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Black Patients With Diabetes Have Higher 30-Day Readmission Rates

Last Updated: October 15, 2019.

Black patients with diabetes have a significantly higher risk for 30-day readmission compared with other racial/ethnic groups, according to a study published online Oct. 11 in JAMA Network Open.

TUESDAY, Oct. 15, 2019 (HealthDay News) -- Black patients with diabetes have a significantly higher risk for 30-day readmission compared with other racial/ethnic groups, according to a study published online Oct. 11 in JAMA Network Open.

Rene Rodriguez-Gutierrez, M.D., from Universidad Autónoma de Nuevo León in Mexico, and colleagues examined racial/ethnic differences in all-cause readmission among U.S. adults with diabetes and sought to identify patient- and system-level factors associated with these differences. An administrative claims dataset of commercially insured and Medicare Advantage beneficiaries was used to identify 272,758 adult patients with diabetes discharged alive from the hospital (467,324 index hospitalizations) from 2009 through 2014.

The researchers found that the rates of 30-day all-cause readmission were 10.2 percent among white individuals, 12.2 percent among black individuals, 10.9 percent among Hispanic individuals, and 9.9 percent among Asian individuals. In an adjusted analysis, only black patients had a higher risk for readmission versus white patients (odds ratio, 1.05). This increased readmission risk among black patients was not entirely explained by other demographic factors, comorbidities, income, reason for index hospitalization, or place of hospitalization. Both black and Hispanic patients had the highest observed-to-expected readmission rate ratio compared with white patients when their income was low (annual household income <$40,000) and when they were hospitalized in nonprofit hospitals, academic hospitals, or large hospitals.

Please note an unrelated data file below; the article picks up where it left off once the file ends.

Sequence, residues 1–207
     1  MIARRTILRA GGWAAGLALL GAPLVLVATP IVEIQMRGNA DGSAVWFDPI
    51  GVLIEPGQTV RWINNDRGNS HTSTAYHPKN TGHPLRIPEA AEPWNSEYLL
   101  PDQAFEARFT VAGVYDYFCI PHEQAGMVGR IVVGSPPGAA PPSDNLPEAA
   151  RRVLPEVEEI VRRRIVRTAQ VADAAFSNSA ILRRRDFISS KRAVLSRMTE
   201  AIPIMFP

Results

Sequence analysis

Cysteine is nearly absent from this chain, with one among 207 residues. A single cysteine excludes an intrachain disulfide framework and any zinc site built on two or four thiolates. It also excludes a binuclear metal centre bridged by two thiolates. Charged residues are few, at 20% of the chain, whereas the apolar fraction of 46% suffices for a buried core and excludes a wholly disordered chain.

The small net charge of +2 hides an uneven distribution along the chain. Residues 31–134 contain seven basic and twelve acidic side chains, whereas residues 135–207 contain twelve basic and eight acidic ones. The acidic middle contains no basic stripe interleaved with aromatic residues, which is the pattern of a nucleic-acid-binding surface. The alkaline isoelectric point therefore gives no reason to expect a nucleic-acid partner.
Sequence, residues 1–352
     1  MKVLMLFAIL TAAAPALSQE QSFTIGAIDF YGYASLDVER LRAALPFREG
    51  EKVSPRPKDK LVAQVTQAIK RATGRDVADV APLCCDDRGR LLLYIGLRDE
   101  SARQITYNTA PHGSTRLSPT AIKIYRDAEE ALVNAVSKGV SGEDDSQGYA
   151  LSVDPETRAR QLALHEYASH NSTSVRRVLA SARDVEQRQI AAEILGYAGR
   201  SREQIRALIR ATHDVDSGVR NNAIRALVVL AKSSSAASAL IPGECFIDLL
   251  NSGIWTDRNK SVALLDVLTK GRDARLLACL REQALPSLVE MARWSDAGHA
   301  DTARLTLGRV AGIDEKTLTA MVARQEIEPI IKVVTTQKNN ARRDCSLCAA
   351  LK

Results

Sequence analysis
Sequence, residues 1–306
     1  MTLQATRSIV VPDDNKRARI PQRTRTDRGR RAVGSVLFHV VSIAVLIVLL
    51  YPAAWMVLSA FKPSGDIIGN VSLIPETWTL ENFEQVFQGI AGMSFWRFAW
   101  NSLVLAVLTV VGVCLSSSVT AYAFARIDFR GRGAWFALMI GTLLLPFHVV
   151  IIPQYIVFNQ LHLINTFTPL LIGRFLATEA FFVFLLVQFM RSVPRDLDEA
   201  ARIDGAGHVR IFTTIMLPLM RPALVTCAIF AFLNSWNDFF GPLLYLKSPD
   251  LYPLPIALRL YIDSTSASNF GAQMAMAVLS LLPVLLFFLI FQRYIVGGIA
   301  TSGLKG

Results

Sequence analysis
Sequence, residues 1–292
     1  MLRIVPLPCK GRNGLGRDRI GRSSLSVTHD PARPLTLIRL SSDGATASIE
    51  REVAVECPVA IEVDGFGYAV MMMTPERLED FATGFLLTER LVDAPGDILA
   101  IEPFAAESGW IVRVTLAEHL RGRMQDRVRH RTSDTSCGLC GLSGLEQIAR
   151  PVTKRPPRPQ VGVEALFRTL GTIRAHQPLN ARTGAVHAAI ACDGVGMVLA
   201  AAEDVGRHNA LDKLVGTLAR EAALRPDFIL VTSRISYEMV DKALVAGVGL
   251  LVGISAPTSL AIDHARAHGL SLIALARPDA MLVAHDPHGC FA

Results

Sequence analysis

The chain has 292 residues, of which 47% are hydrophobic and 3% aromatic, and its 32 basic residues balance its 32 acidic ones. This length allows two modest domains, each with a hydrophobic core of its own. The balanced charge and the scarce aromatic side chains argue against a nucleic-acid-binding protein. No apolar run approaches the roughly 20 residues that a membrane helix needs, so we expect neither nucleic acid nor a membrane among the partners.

"These findings reinforce the importance of identifying and addressing the many reasons for persistent racial/ethnic differences in health care quality and outcomes," the authors write.

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